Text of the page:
We are also putting the finishing touches on Melissa Crowe's Cirque du Creve-Coeur. I was going through the book a final time this afternoon and am, as with each chap, amazed at the sort of work we get the honor of publishing. And there is so much more this spring coming soon, incuding Maggie Ginestra's Darger poem series, and then May titles by Anne Heide and a collaboration from Miriam Pirone and Edward Smallfield. You will love them, I promise.

In the oh-my-god-I-am so-behind realm, the last of the billet-doux contributors and subscriber copies have finally been released into the wild and should be winging their way to you as we speak. I was also gazing rather warily at the wicked alice submissions, the spring issue of which is pretty much filled and we will be reading for summer through the end of April.

My nasty little bug seams to be abating though I determined yesterday that attempting any sewing whilst coughing is a rather dangerous endeavor.

Tuesday, March 25, 2008

My flea market prowling over the weekend turned up a couple of really cool things like this martini shaker set and some lovely dishes, as well as an antique washboard I'm keeping for myself. Of course, I also seem to have found a weird coughy illness which was no doubt aggravated by dustiness and dry air. And here I was priding myself on an entire winter of being cold-free. (I'm convinced it has something to do with not being in grad school any longer.) But then I have a record of being sick over easter. Since it's spring break and I'm not quite so needed at work this week, I decided to stay away from work today but I'll no doubt be heading over to the studio a bit later as I'm feeling a bit better and there is really just way too much to do before the end of the month to even think of taking a day off...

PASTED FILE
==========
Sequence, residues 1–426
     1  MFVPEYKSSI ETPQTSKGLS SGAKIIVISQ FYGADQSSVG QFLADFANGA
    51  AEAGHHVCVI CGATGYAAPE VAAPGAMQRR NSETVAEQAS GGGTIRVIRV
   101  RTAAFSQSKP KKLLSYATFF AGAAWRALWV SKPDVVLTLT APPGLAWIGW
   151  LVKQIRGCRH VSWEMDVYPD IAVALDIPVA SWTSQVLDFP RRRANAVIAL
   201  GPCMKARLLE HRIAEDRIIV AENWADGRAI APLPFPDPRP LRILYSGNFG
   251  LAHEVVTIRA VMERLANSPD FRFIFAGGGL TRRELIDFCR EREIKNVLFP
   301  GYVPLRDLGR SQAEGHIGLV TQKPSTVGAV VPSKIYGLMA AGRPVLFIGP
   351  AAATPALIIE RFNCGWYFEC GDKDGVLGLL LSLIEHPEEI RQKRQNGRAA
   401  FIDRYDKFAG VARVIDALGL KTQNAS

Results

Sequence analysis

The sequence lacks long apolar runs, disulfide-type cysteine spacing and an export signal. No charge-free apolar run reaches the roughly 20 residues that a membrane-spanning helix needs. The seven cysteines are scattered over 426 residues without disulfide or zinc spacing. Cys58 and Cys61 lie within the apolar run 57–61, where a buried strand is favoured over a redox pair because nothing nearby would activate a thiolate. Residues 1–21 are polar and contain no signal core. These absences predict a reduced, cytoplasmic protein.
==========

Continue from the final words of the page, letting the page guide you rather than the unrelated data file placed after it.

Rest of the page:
Thursday, March 20, 2008


March 20, 2008
5:00 p.m. - 7:00 p.m.
Library, 3rd floor east

April is National Poetry Month and to kick-off the festivities, the Library's d.i.y. series (do indie yourself) Real Art. Real People. Real World.: Independent Artists Share Ideas for Creating and Sustaining Success debuts with a panel discussion from three emerging Chicago poets on their experiences fostering their work through a variety of time-tested DIY methods related to writing and building an audience, including publication, poetry groups and workshops, readings, literary journals, and independent presses. Looking for an answer to "What do I do now?"? Longing to put all your knowledge, ambition, and talent to use? This panel will give you some great ideas...